RIGHT TO ACCESS MENSTRUAL PRODUCTS AT SCHOOL
Does my school have to provide free menstrual products?
MAYBE. California public schools must provide free menstrual or period products—including both tampons and pads—at all times in at least half of the school’s bathrooms if two requirements are met:
- Your school serves students in any of the grades 6 through 12 (usually middle or high school); AND
- Your school is a Title I school, which means at least 40% of students at your school are enrolled in the free and reduced lunch program. You can find out if your school is a Title I school here or ask an administrator at your school if it is a Title I school.
This requirement to provide free period products to low-income middle and high schools affects around 4,000 schools in California and is critical to many students who don’t always have access to hygiene products at home. You can read the law here and learn more here.
Do I have to ask for free menstrual products at my school to get them?
NO. You should not have to ask for free pads or tampons each time you need them. Title I schools must make pads and tampons available in at least half of the restrooms on campus at all times, regardless of whether the restrooms are “multi-user” restrooms or “single-user” restrooms. Note, in California, as of 2017, any “single-user” restrooms must be designated “all gender” restrooms.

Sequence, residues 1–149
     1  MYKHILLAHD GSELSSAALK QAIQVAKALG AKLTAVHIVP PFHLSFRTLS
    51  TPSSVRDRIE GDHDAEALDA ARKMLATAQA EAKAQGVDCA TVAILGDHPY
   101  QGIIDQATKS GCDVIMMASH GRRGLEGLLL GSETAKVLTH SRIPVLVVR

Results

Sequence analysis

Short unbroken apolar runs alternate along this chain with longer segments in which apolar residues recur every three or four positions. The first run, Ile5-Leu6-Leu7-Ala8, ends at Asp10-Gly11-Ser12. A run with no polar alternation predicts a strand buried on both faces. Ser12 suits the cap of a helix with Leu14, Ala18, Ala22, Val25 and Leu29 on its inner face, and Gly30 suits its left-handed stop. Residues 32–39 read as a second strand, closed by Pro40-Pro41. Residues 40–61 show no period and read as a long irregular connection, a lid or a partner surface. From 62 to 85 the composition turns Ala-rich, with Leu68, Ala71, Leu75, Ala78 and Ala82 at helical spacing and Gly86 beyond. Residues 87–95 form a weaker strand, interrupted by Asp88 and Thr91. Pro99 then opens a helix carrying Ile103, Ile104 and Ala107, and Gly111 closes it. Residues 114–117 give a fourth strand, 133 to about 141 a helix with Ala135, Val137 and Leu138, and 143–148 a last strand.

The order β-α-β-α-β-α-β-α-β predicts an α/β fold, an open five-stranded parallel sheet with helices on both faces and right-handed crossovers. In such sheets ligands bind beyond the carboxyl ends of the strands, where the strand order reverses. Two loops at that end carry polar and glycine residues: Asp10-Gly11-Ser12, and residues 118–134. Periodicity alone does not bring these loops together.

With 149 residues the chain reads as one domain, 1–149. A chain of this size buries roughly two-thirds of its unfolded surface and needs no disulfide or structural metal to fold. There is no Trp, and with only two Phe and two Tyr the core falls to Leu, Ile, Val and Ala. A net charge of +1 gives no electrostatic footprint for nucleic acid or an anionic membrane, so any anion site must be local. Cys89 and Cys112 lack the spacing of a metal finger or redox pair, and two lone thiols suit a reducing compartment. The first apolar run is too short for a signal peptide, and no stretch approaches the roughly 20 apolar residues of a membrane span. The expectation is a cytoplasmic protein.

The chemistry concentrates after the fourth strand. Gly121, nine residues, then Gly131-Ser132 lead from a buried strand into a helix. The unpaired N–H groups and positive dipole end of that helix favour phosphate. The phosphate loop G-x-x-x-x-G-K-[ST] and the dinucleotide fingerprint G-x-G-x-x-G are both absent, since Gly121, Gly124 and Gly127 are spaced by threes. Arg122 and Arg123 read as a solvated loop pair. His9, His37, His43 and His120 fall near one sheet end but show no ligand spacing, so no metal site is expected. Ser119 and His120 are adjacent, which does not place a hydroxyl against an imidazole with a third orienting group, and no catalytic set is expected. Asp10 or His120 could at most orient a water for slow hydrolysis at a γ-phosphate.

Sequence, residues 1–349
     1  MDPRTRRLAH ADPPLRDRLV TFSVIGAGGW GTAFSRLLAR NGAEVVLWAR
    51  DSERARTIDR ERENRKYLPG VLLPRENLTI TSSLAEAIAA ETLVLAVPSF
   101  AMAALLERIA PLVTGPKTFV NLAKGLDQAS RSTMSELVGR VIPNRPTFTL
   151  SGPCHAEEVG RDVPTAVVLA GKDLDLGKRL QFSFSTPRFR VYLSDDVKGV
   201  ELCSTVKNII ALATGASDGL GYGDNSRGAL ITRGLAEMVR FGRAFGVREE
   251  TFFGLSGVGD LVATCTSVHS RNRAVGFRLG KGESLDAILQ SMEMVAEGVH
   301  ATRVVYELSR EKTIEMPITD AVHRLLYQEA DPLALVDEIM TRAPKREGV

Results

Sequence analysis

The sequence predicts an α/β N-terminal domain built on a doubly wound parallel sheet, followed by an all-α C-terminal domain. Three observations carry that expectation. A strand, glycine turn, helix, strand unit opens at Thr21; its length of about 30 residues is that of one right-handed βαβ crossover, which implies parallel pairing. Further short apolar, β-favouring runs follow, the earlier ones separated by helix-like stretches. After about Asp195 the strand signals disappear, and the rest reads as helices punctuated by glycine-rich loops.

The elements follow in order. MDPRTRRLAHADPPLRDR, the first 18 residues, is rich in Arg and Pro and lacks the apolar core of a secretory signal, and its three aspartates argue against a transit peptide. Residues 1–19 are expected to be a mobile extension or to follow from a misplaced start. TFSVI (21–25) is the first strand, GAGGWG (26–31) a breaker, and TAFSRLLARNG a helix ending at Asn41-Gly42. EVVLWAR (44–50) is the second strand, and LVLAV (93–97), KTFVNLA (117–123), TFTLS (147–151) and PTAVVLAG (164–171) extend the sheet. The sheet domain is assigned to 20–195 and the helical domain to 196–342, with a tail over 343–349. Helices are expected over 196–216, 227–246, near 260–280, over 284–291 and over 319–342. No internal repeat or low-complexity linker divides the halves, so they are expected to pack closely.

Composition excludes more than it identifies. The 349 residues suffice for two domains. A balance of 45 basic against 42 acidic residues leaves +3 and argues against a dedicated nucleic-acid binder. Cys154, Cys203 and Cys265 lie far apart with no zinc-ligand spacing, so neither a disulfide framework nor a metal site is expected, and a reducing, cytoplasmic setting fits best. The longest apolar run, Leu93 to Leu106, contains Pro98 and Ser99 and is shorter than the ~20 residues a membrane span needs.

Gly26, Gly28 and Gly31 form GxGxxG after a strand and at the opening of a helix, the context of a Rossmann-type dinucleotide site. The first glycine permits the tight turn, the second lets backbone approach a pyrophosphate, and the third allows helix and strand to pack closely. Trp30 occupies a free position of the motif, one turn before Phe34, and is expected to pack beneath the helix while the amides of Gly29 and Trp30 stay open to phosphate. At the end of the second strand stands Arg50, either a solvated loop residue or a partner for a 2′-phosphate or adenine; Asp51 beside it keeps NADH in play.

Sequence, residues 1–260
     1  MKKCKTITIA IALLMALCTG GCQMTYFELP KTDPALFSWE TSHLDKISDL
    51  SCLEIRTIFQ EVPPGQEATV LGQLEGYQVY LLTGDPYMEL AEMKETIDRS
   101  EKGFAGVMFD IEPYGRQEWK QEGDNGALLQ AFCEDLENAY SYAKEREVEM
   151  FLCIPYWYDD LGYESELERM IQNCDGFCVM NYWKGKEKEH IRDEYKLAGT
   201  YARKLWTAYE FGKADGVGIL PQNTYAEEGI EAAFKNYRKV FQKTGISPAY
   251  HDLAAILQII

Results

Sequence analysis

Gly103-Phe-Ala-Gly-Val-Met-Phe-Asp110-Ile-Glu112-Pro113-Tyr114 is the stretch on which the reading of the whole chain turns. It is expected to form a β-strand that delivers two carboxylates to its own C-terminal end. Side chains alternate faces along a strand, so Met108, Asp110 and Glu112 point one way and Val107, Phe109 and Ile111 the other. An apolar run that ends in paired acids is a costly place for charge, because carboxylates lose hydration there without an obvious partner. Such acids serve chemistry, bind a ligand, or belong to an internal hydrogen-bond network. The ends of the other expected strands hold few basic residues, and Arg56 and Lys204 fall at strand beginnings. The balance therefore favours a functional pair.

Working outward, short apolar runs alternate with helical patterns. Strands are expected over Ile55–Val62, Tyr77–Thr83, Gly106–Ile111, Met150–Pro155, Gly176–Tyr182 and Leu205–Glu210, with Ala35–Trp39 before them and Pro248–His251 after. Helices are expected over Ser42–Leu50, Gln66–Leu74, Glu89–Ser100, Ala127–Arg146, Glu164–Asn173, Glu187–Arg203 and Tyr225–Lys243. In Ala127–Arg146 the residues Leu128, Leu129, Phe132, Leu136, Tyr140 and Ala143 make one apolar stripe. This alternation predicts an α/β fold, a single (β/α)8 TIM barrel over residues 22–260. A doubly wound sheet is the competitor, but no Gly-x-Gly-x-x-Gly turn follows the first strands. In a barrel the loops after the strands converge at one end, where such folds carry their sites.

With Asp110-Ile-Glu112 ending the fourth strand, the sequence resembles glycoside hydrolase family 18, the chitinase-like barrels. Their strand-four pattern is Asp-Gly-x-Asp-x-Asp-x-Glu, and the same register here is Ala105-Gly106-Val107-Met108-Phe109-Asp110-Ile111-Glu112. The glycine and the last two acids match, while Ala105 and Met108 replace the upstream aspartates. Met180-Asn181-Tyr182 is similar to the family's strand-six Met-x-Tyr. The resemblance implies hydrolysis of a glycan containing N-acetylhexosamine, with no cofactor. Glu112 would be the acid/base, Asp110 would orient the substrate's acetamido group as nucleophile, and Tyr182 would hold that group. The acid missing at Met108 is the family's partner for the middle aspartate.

Additionally, because California schools must allow students to use restrooms consistent with their gender identity, and cannot deny students equal access to services based on gender or gender identity, you can request that your school make menstrual products available in restrooms that reflect your gender identity, if they do not already. As a best practice, schools should already be providing menstrual products in a variety of restroom types, including “single-user” restrooms, “girls’ restrooms,” and “boys’ restrooms.”
Can I do something if my school is a Title I middle school or high school, but is not providing free menstrual hygiene products like it is supposed to?
YES. There are several steps you can take if your school qualifies as a Title I middle school or high school and is not providing menstrual products or is not making them available in at least half of restrooms on campus. First, confirm with your principal, vice principal, or another school administrator that your school is a Title I school. If your school is a Title I school, ask for the name and contact information of the school staff member who is tasked with ensuring that the school provides menstrual products. Go and talk to that person and let them know that California